Over 120 possible victims of forced labor aboard foreign chartered vessels in the commercial fishing industry were identified by NGOs and the government during the reporting period. The majority of these individuals, all men, claimed severe underpayment of wages, and some also alleged experiencing additional abuse. These conditions aboard the vessels led to several crews leaving their ships en masse during the reporting period. Thirty-two Indonesian fishermen were provided immediate welfare, including short-term shelter and food during the initial phase of one subsequent investigation. Additionally, immigration officials granted six crew members temporary visas, with work rights, to remain in the country to represent the crews' interests in the recovery of wages, to provide testimony regarding fish dumping in contravention of environmental regulations, and to assist in the ongoing investigation of human trafficking aboard the vessels. The remaining members of this crew returned to Indonesia. Members of other crews have been repatriated.
New Zealand's laws authorize temporary residency to victims of trafficking for up to 12 months and makes them eligible for a variety of government-provided or government-funded services. During the reporting period, a citizen of New Zealand was repatriated from the Philippines after being subjected to human trafficking. Upon her return to New Zealand, she received appropriate trafficking victim support services, including medical and counseling services.
The Government of New Zealand continued to make efforts to prevent trafficking during the reporting year. The Ministry of Social Development continued to distribute brochures on trafficking indicators in six languages to regional departments, which distributed them to community groups, as well as those in the sex trade and the horticulture and viticulture industries. At the Auckland, Wellington, and Christchurch international airports, the Department of Labor displayed posters warning people of trafficking vulnerabilities and providing websites where migrant workers can seek additional help. In the months preceding the Rugby World Cup, hosted by New Zealand in September and October 2011, Immigration New Zealand worked with law enforcement agencies in potential source countries, such as Australia, South Africa, Hong Kong, and Singapore to develop a strategy to prevent transnational trafficking, including through the relocation of law enforcement staff and other resources.
During the reporting period, Immigration New Zealand started a nationwide operation increasing the monitoring of brothels to ensure compliance with applicable laws and to identify victims of human trafficking, including forced labor or debt bondage. The Department of Labor established a working group to examine issues that affect vulnerable migrant workers, specifically those on dairy farms, and the government funded a study based in Auckland on migrant women in the legal sex trade to explore conditions that may lead to their exploitation and coercion.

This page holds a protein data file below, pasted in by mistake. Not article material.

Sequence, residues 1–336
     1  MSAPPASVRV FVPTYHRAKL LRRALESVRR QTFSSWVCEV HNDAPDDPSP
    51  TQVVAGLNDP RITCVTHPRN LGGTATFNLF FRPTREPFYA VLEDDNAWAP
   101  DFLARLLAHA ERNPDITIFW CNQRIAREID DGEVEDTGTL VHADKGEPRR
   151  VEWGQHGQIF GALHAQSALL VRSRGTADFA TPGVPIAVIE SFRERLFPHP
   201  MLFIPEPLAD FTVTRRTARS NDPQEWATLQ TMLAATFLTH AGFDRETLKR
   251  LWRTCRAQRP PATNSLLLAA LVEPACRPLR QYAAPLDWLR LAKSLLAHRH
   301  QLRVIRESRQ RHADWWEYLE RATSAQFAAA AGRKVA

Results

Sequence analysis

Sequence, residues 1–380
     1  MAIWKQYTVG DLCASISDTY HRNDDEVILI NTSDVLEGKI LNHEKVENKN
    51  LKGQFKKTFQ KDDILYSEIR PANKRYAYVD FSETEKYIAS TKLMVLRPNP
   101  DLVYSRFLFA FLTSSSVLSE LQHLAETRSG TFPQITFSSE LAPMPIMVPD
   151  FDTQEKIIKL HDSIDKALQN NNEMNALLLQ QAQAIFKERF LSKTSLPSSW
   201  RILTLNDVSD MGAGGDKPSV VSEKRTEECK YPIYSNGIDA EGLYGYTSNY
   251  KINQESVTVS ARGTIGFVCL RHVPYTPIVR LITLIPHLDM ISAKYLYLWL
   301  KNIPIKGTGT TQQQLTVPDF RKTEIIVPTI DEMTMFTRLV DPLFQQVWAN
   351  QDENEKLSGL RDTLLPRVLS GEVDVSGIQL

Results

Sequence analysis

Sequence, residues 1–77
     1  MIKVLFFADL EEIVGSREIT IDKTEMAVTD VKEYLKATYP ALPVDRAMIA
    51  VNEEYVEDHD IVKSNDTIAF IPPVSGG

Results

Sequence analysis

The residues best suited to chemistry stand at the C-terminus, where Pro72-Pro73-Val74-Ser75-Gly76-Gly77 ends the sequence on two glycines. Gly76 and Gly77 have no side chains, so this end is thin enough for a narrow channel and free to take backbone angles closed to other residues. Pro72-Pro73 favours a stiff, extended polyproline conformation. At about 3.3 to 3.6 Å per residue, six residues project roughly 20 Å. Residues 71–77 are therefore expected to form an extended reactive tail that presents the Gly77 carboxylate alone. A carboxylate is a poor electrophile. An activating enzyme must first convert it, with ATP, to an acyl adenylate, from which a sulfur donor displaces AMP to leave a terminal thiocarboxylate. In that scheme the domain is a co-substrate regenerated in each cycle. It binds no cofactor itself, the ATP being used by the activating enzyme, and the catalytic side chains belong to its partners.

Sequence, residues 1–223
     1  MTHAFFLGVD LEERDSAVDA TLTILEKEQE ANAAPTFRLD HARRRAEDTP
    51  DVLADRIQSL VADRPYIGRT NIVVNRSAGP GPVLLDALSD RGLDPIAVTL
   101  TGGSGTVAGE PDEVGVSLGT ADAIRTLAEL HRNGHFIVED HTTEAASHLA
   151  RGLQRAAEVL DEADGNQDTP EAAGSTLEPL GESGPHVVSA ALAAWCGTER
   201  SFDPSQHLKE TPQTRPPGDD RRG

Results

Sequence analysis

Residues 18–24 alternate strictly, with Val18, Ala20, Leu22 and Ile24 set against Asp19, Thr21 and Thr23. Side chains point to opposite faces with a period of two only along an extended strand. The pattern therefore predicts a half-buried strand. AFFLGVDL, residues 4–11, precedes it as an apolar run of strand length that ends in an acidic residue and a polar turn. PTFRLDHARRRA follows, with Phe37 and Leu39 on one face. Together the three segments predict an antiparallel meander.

In response to a series of academic, NGO, and press reports on the significant prevalence of forced labor aboard South Korean-flagged fishing vessels operating in New Zealand waters, the Government of New Zealand commissioned a ministerial inquiry in September 2011 to examine the extent of allegations of trafficking and mistreatment of crews, complaints of underpayment, questions about vessel safety standards, and reported breaches of fisheries and environmental regulations. The ministerial inquiry released its final report in March 2012, outlining 15 recommendations, of which six were immediately accepted by the government; other recommendations, some requiring legislative changes, are said to be long-term and remain under consideration. Perhaps the most significant recommendations are those that call on the government to amend the Fisheries Act of 1996 to restrict foreign chartered vessels operating within New Zealand's exclusive economic zone to those under direct charter agreements, and to require all crews on these vessels to be covered under New Zealand employment contracts guaranteeing adequate wages and working conditions.
The government's inter-agency working group on trafficking, led by the Department of Labor, met twice during the reporting period. The government did not take significant steps to reduce the overall demand for commercial sex acts in the decriminalized commercial sex industry. During the reporting period, the Department of Labor developed an online training module on trafficking in persons to make compulsory for all new staff. The government trained customs, immigration, labor, and police officers on identifying victims of trafficking and on victim interview techniques. Front-line customs officers received training aimed at raising their awareness of trafficking indicators and were provided templates of possible questions to ask if they encounter suspected victims of human trafficking. No women in prostitution were identified as trafficking victims by compliance inspectors during their interviews of women in brothels. In November 2011, a man was found guilty for facilitating child sex tourism to Thailand through a website. He was the first person in New Zealand to be charged with such an offense, and in February 2012 he was sentenced to three years' imprisonment. The government provided anti-trafficking training to military personnel prior to their deployment abroad on international peacekeeping missions.